The Ultimate Journey

A New Land for an Ancient hope

Rough seas and howling winds made the treacherous journey across the Atlantic Ocean more unsettling than the pilgrims originally anticipated.  The crew of the Mayflower forced the pilgrims to stay below the main deck for the entire journey.  One of the crew members who delighted in taunting the Separatists, died of unknown causes and was buried at sea.  At an average of only two mph, their ocean voyage would take them far off route and land them 66 days later (on November 21, 1620) at First Encounter Beach, Provincetown, Cape Cod.  Bradford and others left the crew in the ship and headed out on foot and row boat to search for a friendly place to call home.  Exactly one month later, they discovered the clearing at Plymouth (previously named so on John Smith’s map) and returned to the ship with the good news.  For William Bradford, however, December 21 would be a day of deep sorrow.  He learned that shortly after his search party left the Mayflower, Dorothy, his wife, had fallen overboard and drowned.  On Christmas day, the Mayflower left Cape Cod for Plymouth.  

 

The separatist pilgrims quickly began their work on what would become “Plimoth Colony.”  These holy people established an impressive colony to which the current nation owes a huge debt.  The first winter killed off nearly half of these noble people of God.  Indian scares made the living conditions at times seem nightmarish.  Yet, they were not here for their comfort.  These were pilgrims.  They sought a land to worship God.  Their sacrifices paved the way for the establishment of the greatest country in the world.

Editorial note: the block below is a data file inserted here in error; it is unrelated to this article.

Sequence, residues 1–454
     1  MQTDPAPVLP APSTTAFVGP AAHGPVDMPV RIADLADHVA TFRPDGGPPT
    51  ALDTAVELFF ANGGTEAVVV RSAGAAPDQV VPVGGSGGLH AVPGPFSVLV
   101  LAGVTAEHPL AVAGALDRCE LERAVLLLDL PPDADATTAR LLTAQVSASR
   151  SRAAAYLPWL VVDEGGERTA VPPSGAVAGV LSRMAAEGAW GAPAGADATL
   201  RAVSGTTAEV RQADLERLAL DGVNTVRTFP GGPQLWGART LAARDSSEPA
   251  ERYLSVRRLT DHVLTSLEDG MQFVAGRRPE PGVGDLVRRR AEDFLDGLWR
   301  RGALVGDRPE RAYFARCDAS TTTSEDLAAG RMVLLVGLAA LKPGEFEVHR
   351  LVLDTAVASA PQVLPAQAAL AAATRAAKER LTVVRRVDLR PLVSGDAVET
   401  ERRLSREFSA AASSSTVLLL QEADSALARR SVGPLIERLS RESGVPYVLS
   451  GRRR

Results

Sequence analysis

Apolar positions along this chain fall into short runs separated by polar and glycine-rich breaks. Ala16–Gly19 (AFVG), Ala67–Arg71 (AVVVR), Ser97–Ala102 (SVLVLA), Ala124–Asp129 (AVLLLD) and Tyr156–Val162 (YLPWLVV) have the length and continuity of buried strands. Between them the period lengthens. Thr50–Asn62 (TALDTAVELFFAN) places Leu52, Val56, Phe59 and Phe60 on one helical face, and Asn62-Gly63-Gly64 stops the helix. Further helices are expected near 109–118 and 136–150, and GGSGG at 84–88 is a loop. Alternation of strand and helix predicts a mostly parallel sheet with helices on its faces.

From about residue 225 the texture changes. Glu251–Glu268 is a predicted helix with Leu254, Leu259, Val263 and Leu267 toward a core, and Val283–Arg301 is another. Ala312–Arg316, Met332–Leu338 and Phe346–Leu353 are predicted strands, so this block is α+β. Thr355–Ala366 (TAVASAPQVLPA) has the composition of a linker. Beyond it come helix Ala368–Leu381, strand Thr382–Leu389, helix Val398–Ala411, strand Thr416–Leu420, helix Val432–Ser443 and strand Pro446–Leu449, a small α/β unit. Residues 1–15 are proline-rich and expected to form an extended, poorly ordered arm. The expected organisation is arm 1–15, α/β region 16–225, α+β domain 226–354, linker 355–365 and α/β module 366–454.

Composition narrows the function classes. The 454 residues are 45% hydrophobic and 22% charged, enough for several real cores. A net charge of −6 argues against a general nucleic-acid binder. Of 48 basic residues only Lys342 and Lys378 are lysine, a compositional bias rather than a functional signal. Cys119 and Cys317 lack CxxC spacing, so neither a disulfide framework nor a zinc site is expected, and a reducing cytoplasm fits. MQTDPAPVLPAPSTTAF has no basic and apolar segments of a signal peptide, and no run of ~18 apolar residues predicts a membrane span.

The eminent William Bradford is buried in Plymouth at “Burial Hill.”  Burial Hill was the first area to be settled.  Today, one can visit the hill and see on Bradford’s grave marker the Latin words which translate, “What your fathers with such difficulty attained, do not basely relinquish.” 

These godly people gave their lives so that we could worship freely.  Yet today, the pilgrims are considered simplistically “quaint” and not necessarily religious people.  One only needs to read the Mayflower Compact to recognize the spiritual interest of the Pilgrims:

“In the name of God, Amen. We whose names are underwritten, the loyal subjects of our dread Sovereign Lord King James, by the Grace of God of Great Britain, France, and Ireland King, Defender of the Faith, etc.

“Having undertaken for the Glory of God and advancement of the Christian Faith and Honour of our King and Country, a Voyage to plant the First Colony in the Northern Parts of Virginia, do by these presents solemnly and mutually in the presence of God and one of another, Covenant and Combine ourselves together in a Civil Body Politic, for our better ordering and preservation and furtherance of the ends aforesaid; and by virtue hereof to enact, constitute and frame such just and equal Laws, Ordinances, Acts, Constitutions and Offices from time to time, as shall be thought most meet and convenient for the general good of the Colony, unto which we promise all due submission and obedience. In witness whereof we have hereunder subscribed our names at Cape Cod, the 11th of November, in the year of the reign of our Sovereign Lord King James, of England, France and Ireland the eighteenth, and of Scotland the fifty-fourth. Anno Domini 1620.”

Church

Beginnings

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